Frank H. Cicerale
June 30, 2008

Here at Muscle Mustangs & Fast Fords, we're often concerned more with horsepower than with practicality (hence the name of this magazine). After all, a 650hp Lightning isn't the most tractable vehicle on the road--though we do tolerate it, and it gets the job done. It's just that when we're offered a car that's quiet, filled with just about every amenity available, and good on gas, we jump at the chance to drive it.

Such was the case with the new '08 Lincoln MKZ, which your author had the chance to drive for the last week or so. The MKZ (formerly known as the Zephyr) was quiet, economical, and comfortable. What a change of pace from a loud exhaust and seats made more for the road course than an hour-long drive home from MM&FF Command Central.

This MKZ was of the all-wheel-drive variety. The 3.5L Four-Valve Duratec V-6 engine purred at idle, and barely whispered when I got on the throttle. Backed by the six-speed automatic transmission, the little engine that could knocked down 21.5 mpg on one tank. While the sticker said to expect between 17 city and 24 highway, I was happy with the 21.5, seeing as how that was on both the highway as well as the rural streets around northern and central New Jersey. The car handled well for a five-passenger sedan, with plenty of giddy-up and go when merging onto the highways. While the weather here in New Jersey was in full summertime swing, the all-wheel drive is certainly something that I would look forward to having when the weather turns cold, the roads get icy, and snow is falling. I mean, who needs a gas-guzzling, V-8 equipped SUV with AWD when I can have this little V-6 AWD sedan, and get to and from work in the muck in style and elegance?

The comfortable seats were heated and air-conditioned, and it was nice to be able to open the optional moon roof on cool nights. The dual-zone climate control kept both the wife and myself happy. The engineers spent a good amount of time thinking about the placement and accessibility of the controls. Not only were the control easy to use, but they were easy to read and a welcome to look at. The gauge cluster in the instrument panel was well lit, and had a sporty, yet refined, look to them. The same can be said for the entire center stack, which housed the neatly arranged HVAC and audio system controls. The expected round HVAC vents fit in well with the rest of the interior, and I have to admit, seeing the elegant hand clock between the two center HVAC vents was nice. In an age where everything is digital, seeing the clock is a throwback to Lincoln's of years past, all while adding a sense of "this isn't just a normal car". The MKZ was also equipped with Ford's new Sync voice-activated system, and it was a welcome addition. While I didn't have a chance to try out my iPod (it took a dive a while ago), the rest of the system was easy to navigate. Maybe next time I'll activate my Bluetooth and utilize the phone option of the Sync.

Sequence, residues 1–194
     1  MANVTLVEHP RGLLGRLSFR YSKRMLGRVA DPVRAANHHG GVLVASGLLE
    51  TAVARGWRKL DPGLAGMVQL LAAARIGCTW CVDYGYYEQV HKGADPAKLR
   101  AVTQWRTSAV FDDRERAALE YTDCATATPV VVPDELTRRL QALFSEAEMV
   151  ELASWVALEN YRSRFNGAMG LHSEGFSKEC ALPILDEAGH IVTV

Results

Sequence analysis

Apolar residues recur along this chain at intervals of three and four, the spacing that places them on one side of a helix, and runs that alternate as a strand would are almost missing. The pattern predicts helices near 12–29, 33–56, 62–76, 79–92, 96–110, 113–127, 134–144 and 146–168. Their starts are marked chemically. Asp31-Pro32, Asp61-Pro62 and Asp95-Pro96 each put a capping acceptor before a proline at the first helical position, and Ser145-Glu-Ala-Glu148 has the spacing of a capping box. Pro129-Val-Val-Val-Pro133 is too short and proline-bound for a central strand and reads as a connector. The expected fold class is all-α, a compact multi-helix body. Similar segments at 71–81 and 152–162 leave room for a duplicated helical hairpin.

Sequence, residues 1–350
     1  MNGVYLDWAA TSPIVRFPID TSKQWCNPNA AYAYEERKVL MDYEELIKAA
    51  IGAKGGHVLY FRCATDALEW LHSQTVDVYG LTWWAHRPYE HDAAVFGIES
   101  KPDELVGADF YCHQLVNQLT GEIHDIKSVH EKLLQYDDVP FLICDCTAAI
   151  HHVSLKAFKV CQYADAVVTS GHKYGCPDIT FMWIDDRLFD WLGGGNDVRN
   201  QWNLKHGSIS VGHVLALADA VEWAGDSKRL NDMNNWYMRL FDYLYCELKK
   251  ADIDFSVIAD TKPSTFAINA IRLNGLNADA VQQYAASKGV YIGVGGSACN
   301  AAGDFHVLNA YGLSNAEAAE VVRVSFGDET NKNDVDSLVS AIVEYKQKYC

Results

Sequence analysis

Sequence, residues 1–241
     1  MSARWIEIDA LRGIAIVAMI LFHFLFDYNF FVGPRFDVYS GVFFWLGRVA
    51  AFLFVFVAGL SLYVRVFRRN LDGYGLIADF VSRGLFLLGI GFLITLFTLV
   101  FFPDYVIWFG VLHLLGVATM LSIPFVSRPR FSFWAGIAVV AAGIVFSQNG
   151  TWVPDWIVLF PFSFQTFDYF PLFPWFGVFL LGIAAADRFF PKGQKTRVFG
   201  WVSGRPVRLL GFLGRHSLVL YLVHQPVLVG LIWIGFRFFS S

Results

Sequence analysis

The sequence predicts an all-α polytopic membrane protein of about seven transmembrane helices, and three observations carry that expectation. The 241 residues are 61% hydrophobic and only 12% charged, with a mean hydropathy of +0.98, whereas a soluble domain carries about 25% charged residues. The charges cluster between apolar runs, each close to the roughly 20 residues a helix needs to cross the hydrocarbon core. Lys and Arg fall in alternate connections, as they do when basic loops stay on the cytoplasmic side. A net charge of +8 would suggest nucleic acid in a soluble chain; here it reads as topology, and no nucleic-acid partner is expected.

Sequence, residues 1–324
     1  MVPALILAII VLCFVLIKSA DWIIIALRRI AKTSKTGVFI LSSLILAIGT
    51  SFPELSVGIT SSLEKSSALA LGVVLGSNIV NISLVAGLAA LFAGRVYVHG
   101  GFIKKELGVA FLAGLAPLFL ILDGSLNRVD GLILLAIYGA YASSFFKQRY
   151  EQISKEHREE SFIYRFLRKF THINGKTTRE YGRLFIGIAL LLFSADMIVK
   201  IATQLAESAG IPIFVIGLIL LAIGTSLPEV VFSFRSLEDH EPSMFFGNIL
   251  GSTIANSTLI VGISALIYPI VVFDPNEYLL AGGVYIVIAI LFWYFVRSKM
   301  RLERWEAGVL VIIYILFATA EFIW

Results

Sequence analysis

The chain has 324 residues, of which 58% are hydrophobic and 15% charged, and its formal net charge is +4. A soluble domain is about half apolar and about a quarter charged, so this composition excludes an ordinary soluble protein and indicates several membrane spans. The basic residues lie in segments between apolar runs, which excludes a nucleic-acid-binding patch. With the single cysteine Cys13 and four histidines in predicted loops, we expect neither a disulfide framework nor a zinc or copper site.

The lines of the car are nonintrusive, almost regal and mature. The car is not overstated, and the front grill definitely gives the car's nose a look of a car that is priced much higher, as well as keeping true to the classic Lincoln vertical grill design. The color of the car (Dark Blue Ink) was one of the most appealing I've ever seen. At first, it appeared to be black, but as I walked away and turned back to glance at the car, I noticed the blue metallic color shining bright on the hood. It reminded me of my dad's old '37 Chevrolet Master Deluxe, where most of the time it looked black, but in direct sunlight you could see the Jade Green color it really was. The MKZ was the same way, and the metallic flake in the car really made people stop and look. Throw in the optional HID headlamps and chrome 17-inch rims, and the car was appealing. For the price of the car, you definitely get more than what you pay for, both in functionality and sex appeal. The car is suited for many different aspects of life, ranging from a weekend drive, to a commute to an office in New York City or having the wife pack up the kids and take a trip to the mall.

Honestly, the more I drove the MKZ, the more I fell in love with it. With a base price of $32,425, the car was well loaded to begin with. Our car was equipped with some great options, including a leather steering wheel ($1,895), a moon roof ($1,200), HID headlamps ($495), 17-inch chrome rims ($895), Satin Aluminum Interior package ($195), and THX II Audiophile sound system ($995). While all of these extras were great, with the price tag approaching almost $39,000 (it was $38,840 as optioned), I could do without all of the bells and whistles. The color stays, though!

On a scale of 1 to 10, I give this car a solid 8. It exudes elegance, and is just as fitting parked outside an expensive restaurant as it is serving commuter duty.

Now if I could only figure out a way to afford THIS one.